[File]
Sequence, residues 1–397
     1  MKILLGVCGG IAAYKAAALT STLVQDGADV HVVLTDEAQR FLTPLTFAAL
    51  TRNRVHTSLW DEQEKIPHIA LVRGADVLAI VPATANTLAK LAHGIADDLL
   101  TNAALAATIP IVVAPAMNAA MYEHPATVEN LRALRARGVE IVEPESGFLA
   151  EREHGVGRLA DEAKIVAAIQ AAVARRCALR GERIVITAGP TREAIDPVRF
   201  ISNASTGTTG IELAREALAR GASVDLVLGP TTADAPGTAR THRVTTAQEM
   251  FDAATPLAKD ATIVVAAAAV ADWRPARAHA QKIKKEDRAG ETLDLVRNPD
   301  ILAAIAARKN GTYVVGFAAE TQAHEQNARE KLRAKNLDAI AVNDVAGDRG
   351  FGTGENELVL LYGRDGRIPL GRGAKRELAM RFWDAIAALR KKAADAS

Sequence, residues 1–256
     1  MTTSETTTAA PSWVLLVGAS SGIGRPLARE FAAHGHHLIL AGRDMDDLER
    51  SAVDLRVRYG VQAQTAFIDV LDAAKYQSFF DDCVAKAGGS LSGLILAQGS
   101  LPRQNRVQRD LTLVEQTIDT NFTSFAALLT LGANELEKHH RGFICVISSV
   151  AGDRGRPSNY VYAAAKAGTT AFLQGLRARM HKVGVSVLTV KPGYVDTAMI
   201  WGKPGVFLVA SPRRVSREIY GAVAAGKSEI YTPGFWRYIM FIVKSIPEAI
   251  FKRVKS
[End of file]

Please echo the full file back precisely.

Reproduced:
Sequence, residues 1–397
     1  MKILLGVCGG IAAYKAAALT STLVQDGADV HVVLTDEAQR FLTPLTFAAL
    51  TRNRVHTSLW DEQEKIPHIA LVRGADVLAI VPATANTLAK LAHGIADDLL
   101  TNAALAATIP IVVAPAMNAA MYEHPATVEN LRALRARGVE IVEPESGFLA
   151  EREHGVGRLA DEAKIVAAIQ AAVARRCALR GERIVITAGP TREAIDPVRF
   201  ISNASTGTTG IELAREALAR GASVDLVLGP TTADAPGTAR THRVTTAQEM
   251  FDAATPLAKD ATIVVAAAAV ADWRPARAHA QKIKKEDRAG ETLDLVRNPD
   301  ILAAIAARKN GTYVVGFAAE TQAHEQNARE KLRAKNLDAI AVNDVAGDRG
   351  FGTGENELVL LYGRDGRIPL GRGAKRELAM RFWDAIAALR KKAADAS

Sequence, residues 1–256
     1  MTTSETTTAA PSWVLLVGAS SGIGRPLARE FAAHGHHLIL AGRDMDDLER
    51  SAVDLRVRYG VQAQTAFIDV LDAAKYQSFF DDCVAKAGGS LSGLILAQGS
   101  LPRQNRVQRD LTLVEQTIDT NFTSFAALLT LGANELEKHH RGFICVISSV
   151  AGDRGRPSNY VYAAAKAGTT AFLQGLRARM HKVGVSVLTV KPGYVDTAMI
   201  WGKPGVFLVA SPRRVSREIY GAVAAGKSEI YTPGFWRYIM FIVKSIPEAI
   251  FKRVKS